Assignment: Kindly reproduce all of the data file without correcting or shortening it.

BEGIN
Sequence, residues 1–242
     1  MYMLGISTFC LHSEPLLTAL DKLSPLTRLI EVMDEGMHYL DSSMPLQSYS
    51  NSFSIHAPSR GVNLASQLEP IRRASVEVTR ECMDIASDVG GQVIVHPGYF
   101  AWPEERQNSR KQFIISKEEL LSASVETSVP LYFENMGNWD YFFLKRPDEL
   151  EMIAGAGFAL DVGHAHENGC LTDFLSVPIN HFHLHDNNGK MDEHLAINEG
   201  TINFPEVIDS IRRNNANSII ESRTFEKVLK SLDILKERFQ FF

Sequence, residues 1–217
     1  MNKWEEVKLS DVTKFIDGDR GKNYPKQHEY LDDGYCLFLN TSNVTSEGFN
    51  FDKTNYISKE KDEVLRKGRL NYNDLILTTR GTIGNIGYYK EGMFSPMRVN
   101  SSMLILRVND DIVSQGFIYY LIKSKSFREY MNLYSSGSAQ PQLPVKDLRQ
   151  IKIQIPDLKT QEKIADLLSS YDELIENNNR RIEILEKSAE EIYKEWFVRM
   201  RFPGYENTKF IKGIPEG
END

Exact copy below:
Sequence, residues 1–242
     1  MYMLGISTFC LHSEPLLTAL DKLSPLTRLI EVMDEGMHYL DSSMPLQSYS
    51  NSFSIHAPSR GVNLASQLEP IRRASVEVTR ECMDIASDVG GQVIVHPGYF
   101  AWPEERQNSR KQFIISKEEL LSASVETSVP LYFENMGNWD YFFLKRPDEL
   151  EMIAGAGFAL DVGHAHENGC LTDFLSVPIN HFHLHDNNGK MDEHLAINEG
   201  TINFPEVIDS IRRNNANSII ESRTFEKVLK SLDILKERFQ FF

Sequence, residues 1–217
     1  MNKWEEVKLS DVTKFIDGDR GKNYPKQHEY LDDGYCLFLN TSNVTSEGFN
    51  FDKTNYISKE KDEVLRKGRL NYNDLILTTR GTIGNIGYYK EGMFSPMRVN
   101  SSMLILRVND DIVSQGFIYY LIKSKSFREY MNLYSSGSAQ PQLPVKDLRQ
   151  IKIQIPDLKT QEKIADLLSS YDELIENNNR RIEILEKSAE EIYKEWFVRM
   201  RFPGYENTKF IKGIPEG